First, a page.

Otherwise known as the ship he used to almost obliterate his own mother (General Leia), Kylo Ren’s TIE Silencer is surely the best named of all the TIEs. Of course, hero-worshipper Ren had to follow in Granddaddy Vader’s bootsteps and have his own TIE design. One could argue he one-upped gramps with this beauty, an Interceptor with a predominant nose and long, lean, sharp-edged wings sort of like, well, hunky ol’ Kylo himself.
The aforementioned scene in The Last Jedi, when Ren joins his First Order comrades in their mission to annihilate the remaining Resistance fleet, features some of the baddest TIE piloting yet. The pouty prince takes his ship into a high-speed rotating spin through a canyon of Rebel frigates like a man who eats G-forces for breakfast and then complains they weren’t filling enough.
The TIE Defender made its first appearance in the immortal TIE Fighter home computer game from the mid-1990s, a dark time for Star Wars when no new movies loomed on the twin-sunned horizon and TV was still the domain of shows like Murder, She Wrote and Walker, Texas Ranger. Thankfully, the video games, comic books, and novels satiated fans’ Star Wars thirst until the Special Editions and prequels made everyone yearn for the days of video games, comic books, and novels all over again.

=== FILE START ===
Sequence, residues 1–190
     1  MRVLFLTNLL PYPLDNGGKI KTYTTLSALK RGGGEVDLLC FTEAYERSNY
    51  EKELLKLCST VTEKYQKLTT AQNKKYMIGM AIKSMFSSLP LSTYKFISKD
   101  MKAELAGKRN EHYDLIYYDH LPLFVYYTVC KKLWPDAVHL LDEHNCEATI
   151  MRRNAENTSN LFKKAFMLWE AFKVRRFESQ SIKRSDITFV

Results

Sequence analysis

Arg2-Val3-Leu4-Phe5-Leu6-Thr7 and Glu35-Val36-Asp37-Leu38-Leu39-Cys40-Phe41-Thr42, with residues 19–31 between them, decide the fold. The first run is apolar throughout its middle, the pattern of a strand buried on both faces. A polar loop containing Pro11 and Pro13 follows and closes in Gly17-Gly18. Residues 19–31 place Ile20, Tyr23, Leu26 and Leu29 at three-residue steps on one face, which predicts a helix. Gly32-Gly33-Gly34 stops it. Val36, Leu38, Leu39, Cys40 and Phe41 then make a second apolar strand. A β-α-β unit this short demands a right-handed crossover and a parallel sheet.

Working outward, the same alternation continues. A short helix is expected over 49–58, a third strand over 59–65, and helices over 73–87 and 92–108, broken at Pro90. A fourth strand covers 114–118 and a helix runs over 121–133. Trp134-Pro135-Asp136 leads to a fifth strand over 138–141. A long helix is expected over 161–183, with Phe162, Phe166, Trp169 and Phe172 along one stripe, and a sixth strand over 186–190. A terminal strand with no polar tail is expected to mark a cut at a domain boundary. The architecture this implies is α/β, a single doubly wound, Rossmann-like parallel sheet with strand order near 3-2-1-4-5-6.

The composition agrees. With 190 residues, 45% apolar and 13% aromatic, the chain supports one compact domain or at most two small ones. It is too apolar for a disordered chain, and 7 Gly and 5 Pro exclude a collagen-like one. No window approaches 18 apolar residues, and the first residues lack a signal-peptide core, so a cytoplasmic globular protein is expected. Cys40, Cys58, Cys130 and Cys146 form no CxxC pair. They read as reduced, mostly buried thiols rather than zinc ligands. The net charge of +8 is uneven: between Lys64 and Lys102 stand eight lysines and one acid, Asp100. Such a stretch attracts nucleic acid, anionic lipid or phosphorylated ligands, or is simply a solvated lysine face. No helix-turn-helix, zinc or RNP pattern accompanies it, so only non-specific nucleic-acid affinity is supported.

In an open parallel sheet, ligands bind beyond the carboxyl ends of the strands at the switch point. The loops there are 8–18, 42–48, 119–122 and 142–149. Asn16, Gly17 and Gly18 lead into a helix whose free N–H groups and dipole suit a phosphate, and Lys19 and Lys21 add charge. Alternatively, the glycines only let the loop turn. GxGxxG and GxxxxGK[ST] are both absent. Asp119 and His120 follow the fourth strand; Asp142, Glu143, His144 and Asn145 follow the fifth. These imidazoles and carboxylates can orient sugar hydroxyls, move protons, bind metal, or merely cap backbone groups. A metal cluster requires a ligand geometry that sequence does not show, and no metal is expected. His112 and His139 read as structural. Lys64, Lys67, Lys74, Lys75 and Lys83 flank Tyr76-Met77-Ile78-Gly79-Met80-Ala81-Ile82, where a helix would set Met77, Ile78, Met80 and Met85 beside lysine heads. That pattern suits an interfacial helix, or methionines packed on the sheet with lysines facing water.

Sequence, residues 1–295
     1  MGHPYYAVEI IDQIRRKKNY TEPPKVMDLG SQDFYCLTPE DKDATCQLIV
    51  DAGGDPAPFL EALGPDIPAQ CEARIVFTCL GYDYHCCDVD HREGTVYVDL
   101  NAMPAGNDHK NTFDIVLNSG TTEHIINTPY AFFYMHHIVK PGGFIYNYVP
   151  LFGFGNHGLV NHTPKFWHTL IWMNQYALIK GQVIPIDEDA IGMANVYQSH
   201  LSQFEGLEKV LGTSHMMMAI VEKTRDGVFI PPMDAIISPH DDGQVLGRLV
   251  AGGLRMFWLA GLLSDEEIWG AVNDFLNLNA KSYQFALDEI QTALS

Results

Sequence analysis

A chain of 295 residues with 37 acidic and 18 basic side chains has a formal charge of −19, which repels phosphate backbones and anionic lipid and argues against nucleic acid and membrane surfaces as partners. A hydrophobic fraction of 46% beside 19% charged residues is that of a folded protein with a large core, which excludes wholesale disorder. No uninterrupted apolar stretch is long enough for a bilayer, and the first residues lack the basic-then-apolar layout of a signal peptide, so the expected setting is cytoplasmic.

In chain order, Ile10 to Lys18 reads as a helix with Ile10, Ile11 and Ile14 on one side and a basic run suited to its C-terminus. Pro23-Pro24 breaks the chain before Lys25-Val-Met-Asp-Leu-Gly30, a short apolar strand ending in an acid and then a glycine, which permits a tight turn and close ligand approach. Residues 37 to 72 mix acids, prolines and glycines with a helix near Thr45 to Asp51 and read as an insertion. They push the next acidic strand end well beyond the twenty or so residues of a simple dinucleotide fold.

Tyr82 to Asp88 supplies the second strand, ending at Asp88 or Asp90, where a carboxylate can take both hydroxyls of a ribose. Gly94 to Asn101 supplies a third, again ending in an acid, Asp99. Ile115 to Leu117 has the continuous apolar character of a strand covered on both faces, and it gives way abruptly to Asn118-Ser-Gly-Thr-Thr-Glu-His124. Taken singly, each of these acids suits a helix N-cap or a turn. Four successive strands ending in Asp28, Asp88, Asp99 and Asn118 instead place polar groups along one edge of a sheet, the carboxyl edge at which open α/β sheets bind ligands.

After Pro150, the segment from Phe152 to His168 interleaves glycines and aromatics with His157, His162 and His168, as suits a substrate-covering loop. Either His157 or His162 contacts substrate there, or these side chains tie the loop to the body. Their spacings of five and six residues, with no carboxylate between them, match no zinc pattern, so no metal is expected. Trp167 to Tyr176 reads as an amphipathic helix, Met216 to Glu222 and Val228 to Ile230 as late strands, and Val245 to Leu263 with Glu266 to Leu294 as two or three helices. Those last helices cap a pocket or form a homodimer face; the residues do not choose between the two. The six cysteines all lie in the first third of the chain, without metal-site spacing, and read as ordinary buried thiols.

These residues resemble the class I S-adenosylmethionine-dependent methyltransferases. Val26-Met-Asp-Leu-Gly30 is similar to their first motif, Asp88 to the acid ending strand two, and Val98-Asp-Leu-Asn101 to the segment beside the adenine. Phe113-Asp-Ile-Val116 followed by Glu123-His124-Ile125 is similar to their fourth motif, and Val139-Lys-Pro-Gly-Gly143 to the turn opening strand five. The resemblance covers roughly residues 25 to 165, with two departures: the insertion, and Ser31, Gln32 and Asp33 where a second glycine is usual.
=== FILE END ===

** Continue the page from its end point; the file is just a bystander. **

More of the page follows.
The three-pronged, six-winged TIE Defender is also featured in Star Wars Rebels (0f course!), which showcases both its immense tactical advantages and the sheer geometric beauty of the thing. The ship even got its own episode, titled, “Flight of the Defender.”
The TIE Fighter video game not only also includes the TIE Interceptor, but features it predominantly on the cover for obvious reasons: it’s the coolest TIE fighter! The TIE Interceptor could not have asked for a better entrance, getting introduced in what remains the greatest shot in all of Star Wars-dom. In Return of the Jedi, after Admiral Ackbar utters his immortal warning, “It’s a trap!” the Rebel ships retreat straight into a phalanx of Interceptors that swarm them like piranhas let loose at a blood drive. It’s a stunning moment, and no digital FX shot has yet bettered its sheer intricate bedazzlement.
Lucas knew that Return of the Jedi would be the last Star Wars movie for a while, and so he introduced approximately 37,400 new characters, ships, and environments to become toys ahead of The Great Star Wars Christmas of 1983 (yes, I made that up). After almost 40 years, the TIE Interceptor is still the coolest of them all.